“There are common myths that we all hear about…that are actually not only wrong, they’re misleading and in some ways they’re disempowering.  So by learning the truths you can actually understand things as they actually are and then do something about them.”

Durrie Bouscaren

Host Ben Kieffer covers a number of topics in a roundup of the week's news including a conversation with Iowa Public Radio's Cedar Rapids reporter Durrie Bouscaren on how Iowa military contractors have been affected by the s

Euan Slorach

When Henrietta Lacks died in 1951, her family had no idea that her cells would live on indefinitely…multiplying to the extent that laid together, they could wrap around the Earth at least 3 times. Today on River To River - the immortal life of Henrietta Lacks. Host Ben Kieffer talks with Lacks’ grandson about Henrietta's legacy. Her grandson, David Lacks Jr., will speak tonight in Iowa City as part of the Iowa City Book Festival.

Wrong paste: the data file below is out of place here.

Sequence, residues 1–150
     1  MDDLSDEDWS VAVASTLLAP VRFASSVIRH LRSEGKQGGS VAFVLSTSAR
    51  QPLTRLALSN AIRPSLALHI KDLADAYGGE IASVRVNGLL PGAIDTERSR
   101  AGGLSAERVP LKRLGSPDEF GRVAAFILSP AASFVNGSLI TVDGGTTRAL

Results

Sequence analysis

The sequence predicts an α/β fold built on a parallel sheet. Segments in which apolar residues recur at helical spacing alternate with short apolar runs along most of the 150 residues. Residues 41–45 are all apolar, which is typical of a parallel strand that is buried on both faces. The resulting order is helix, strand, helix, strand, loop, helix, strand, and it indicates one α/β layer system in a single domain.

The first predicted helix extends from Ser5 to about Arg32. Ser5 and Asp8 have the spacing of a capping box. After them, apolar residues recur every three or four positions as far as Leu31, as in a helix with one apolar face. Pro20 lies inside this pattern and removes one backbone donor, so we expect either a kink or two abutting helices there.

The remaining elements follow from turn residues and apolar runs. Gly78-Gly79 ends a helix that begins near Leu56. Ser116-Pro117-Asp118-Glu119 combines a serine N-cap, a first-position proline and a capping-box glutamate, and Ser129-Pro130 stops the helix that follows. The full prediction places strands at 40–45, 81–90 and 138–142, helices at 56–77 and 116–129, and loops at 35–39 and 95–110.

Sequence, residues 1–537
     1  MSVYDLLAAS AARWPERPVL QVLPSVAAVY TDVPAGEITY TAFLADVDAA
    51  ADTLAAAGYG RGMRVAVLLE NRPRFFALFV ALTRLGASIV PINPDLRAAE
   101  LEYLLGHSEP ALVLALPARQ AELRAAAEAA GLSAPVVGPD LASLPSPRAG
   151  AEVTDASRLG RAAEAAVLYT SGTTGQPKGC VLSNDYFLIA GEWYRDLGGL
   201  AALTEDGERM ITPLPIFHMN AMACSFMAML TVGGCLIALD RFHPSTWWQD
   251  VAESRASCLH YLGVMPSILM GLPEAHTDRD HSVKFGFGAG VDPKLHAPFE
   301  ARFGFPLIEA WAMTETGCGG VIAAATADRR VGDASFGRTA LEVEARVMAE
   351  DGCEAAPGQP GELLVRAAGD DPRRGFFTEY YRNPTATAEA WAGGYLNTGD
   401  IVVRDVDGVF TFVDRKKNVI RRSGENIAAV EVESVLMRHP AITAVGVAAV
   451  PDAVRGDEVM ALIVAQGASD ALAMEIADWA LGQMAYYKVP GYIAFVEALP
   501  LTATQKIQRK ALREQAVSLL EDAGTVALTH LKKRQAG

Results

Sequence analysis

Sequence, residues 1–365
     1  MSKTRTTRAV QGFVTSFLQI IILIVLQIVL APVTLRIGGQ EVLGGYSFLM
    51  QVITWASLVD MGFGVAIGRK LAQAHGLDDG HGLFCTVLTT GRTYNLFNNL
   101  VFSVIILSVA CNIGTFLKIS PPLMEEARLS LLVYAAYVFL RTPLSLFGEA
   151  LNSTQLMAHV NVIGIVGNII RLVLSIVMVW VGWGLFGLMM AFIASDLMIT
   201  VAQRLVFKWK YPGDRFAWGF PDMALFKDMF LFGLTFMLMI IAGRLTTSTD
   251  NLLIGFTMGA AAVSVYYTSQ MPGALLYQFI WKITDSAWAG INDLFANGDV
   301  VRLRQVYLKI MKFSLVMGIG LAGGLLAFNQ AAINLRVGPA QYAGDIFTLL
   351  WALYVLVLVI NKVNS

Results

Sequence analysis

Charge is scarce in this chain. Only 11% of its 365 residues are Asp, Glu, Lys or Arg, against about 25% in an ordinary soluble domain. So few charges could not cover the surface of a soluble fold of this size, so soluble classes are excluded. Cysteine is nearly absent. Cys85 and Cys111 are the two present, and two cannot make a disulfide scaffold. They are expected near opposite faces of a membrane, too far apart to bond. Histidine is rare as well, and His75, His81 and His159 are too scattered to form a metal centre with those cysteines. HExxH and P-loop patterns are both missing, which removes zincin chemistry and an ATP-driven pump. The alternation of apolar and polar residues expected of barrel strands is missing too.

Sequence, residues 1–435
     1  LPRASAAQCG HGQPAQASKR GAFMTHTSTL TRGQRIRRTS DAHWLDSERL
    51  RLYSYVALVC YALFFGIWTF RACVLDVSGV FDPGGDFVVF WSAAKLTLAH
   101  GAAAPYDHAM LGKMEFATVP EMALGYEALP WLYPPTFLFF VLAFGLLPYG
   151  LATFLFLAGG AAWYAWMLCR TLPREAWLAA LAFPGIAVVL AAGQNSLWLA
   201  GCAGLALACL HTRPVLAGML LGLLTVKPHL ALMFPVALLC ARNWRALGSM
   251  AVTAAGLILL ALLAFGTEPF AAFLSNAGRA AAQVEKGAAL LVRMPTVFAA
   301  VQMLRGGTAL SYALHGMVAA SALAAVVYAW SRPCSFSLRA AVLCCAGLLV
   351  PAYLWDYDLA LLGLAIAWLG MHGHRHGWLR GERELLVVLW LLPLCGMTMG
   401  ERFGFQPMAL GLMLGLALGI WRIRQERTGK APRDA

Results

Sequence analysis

DonTaylor50 / Flickr

The U.S.

wikimedia.org

Political arguments can easily become heated and emotional.  But what if your political rival has a genetic predisposition to view the world differently than you?  On River to River, can politics be explained through biology?  We hear two perspectives in that academic debate.  We also talk with the chairs of the Iowa GOP and the Iowa Democrats about how they came to their beliefs.

Rick Fredericksen / Iowa Public Radio

We’re all too familiar with whitetail deer. But there also have been a few recent sightings in Iowa of rare white-tailed squirrels.

The rodent with the bushy, snow-white tail is snow white. It’s been seen in the Witmer Park area near Drake University. Earlier this year, several were spotted in the town of Osage.

It's a disease that effects 2.5 million people worldwide, including hundreds of thousands of Americans. Listen back to a conversation from 2010 with several people whose compelling stories are featured in the book "Voice of Multiple Sclerosis" - essays offering candid, heartfelt, and inspiring testimonials of people who have been impacted by the crippling disease.